The 1977–83 BMW 320i is climbing

For a long time, the BMW E21 (1977–83) has been the forgotten 3 Series of the lineage. Even though the E21 was the first to wear the long-lived 3 Series badge, this inaugural generation of BMW’s bread-and-butter sport sedan goes overlooked and underappreciated compared to the legendary 2002 that preceded it and the popular E30-generation 3 Series that came after. That attitude might be changing—prices for the E21 are on the rise. 

The 2002 was the culmination of BMW’s New Class (Neue Klasse) model line and helped to establish the brand’s reputation in North America. The E21 3 Series that followed was a compelling evolution in terms of style—both inside and out. Paul Bracq’s design for the car utilized the shark-nose front end, trademark “Hofmeister kink” C-pillar, larger taillights, and a boxier shape that elevated its look to more closely resemble the contemporary 5 Series. Meanwhile, the E21’s suspension was a bit softer than the sporty 2002, which didn’t satisfy many BMW diehards. 

On top of that, there was no six-cylinder 3 Series in the U.S. when it arrived for the 1977 model year—only the fuel-injected versions of the M10 four-cylinder passed muster during the Malaise Era oil crisis. The initial 320i models, from 1977 to 1979, used 2.0-liter four-cylinder engines good for 110 hp. For the 1980 model year, lasting until the end of the run in 1983, BMW downsized the powerplant in the 320i to 1.8 liters and 101 hp, adding a 320iS variant that swapped out the standard four-speed manual transmission for a five-speed, stiffened the suspension, and upgraded the rear end with a limited-slip differential. The 320iS also benefited from a unique front air dam, cross-spoke alloy wheels, Recaro seats, sunroof, and a three-spoke leather-wrapped steering wheel.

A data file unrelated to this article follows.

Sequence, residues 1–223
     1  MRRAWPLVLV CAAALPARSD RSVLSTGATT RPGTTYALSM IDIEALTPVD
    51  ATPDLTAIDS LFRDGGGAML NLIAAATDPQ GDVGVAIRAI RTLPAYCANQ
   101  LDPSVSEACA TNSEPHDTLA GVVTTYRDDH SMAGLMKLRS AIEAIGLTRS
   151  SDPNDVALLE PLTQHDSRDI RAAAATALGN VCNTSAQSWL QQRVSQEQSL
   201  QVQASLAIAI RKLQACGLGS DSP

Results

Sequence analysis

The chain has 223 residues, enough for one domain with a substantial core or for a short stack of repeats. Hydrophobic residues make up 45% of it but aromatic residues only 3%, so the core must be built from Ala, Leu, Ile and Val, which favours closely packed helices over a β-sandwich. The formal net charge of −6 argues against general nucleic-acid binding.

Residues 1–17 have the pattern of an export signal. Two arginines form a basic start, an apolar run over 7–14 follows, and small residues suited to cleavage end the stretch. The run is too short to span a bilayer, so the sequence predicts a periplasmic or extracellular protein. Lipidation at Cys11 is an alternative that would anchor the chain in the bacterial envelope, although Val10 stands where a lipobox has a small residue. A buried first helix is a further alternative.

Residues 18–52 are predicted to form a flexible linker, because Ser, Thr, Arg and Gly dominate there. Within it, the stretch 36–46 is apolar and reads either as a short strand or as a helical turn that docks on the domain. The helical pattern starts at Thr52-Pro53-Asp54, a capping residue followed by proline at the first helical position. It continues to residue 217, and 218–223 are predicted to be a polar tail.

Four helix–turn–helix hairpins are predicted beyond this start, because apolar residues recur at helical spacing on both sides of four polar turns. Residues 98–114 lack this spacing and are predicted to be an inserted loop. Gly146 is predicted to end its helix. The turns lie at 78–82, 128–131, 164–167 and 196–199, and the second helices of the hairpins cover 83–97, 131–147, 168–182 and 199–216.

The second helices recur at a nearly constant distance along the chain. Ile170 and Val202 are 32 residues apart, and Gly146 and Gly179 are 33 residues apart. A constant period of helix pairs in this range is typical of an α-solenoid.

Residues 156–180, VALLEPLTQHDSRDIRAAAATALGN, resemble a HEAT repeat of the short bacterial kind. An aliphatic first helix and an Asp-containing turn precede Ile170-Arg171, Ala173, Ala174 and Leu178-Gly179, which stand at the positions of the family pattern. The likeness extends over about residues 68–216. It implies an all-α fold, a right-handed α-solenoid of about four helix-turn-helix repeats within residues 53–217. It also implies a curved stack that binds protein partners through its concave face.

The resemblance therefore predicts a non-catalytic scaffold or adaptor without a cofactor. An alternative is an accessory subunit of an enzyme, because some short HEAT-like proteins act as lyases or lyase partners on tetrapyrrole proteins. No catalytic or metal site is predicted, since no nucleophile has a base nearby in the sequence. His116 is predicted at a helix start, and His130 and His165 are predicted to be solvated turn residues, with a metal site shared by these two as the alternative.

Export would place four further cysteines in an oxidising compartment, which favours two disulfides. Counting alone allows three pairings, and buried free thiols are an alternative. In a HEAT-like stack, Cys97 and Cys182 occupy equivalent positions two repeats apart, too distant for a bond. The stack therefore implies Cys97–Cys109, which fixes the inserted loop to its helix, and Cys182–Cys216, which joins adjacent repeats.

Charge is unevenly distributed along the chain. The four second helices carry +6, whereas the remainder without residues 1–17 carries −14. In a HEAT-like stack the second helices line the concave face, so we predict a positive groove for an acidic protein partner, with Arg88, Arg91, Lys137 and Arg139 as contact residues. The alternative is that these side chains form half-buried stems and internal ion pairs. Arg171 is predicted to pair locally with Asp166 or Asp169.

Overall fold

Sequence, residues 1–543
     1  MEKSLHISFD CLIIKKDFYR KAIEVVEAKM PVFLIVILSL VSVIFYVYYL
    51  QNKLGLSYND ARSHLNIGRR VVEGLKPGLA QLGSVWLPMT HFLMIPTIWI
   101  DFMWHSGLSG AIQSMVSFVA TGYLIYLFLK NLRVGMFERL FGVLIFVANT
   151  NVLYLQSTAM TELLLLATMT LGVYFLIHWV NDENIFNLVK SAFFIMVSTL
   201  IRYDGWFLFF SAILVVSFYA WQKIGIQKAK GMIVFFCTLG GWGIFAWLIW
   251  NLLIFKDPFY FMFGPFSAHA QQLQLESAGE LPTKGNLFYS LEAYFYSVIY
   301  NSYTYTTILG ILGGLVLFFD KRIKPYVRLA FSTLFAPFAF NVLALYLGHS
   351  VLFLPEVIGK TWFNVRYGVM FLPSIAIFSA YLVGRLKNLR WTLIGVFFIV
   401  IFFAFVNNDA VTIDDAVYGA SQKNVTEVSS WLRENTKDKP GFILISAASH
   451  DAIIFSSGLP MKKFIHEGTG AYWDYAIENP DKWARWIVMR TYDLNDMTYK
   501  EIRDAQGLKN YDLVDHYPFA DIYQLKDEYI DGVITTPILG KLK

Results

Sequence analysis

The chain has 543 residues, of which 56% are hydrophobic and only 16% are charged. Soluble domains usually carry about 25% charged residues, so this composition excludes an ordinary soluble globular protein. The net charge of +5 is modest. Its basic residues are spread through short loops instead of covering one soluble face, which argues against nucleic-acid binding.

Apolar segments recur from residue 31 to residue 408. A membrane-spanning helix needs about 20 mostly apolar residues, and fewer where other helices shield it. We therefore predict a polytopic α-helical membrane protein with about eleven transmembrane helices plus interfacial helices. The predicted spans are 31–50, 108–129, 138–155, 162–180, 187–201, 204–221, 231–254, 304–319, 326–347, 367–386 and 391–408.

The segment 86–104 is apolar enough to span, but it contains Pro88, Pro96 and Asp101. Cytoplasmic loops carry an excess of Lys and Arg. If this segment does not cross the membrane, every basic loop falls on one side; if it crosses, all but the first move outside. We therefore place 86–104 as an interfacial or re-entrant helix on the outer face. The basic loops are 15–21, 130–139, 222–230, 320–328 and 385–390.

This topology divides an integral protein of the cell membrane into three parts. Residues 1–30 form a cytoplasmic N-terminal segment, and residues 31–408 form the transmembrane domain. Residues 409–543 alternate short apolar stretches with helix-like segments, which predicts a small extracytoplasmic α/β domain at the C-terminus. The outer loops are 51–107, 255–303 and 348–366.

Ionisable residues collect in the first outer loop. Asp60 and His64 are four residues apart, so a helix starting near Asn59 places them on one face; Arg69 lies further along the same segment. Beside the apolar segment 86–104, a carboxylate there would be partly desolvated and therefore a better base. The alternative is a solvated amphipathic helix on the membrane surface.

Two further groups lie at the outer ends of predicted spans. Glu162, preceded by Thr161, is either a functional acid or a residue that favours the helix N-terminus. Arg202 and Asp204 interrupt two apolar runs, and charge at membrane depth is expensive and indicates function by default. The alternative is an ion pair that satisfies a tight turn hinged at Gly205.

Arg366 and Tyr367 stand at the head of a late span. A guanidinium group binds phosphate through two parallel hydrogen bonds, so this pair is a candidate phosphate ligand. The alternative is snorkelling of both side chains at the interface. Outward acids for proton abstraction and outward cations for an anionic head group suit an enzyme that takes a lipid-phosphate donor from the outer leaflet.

Prices for the initial 1977–79 320i are up about 23 percent in the last year for #2-condition (Excellent) examples, which results in a median value of $10,100. That’s up 60 percent over the last five years. For the later 1.8-liter models, from 1980–83, prices of #2-condition E31s are up 17 percent since last year and 51 percent over the last five, coming in at $9500. 

There’s reason to expect these prices to continue their climb. Popularity among younger enthusiasts like Millennials bodes well for continued interest in any collector car, and it should come as no surprise that Millennials dig the E21. While this demographic makes up 21 percent of insurance quotes for the whole market, Millennials represent 41.6 percent of E21 insurance quotes. Insurance quotes in general for this generation of 3 Series are particularly high too, ranking near the top of all cars we track.

So why exactly is the 1977–83 on the upswing? Well, it’s hard to say for sure, but it doesn’t hurt that both 2002 and E30-generation 3 Series prices are on the rise, and for those interested in a vintage BMW of this type, the cost of entry has been palatable for a while. As long as buyers want a whiff of the ultimate driving machine, especially as it relates to BMW’s perhaps most celebrated model line, the 3 Series, the E21’s prospects are bright.

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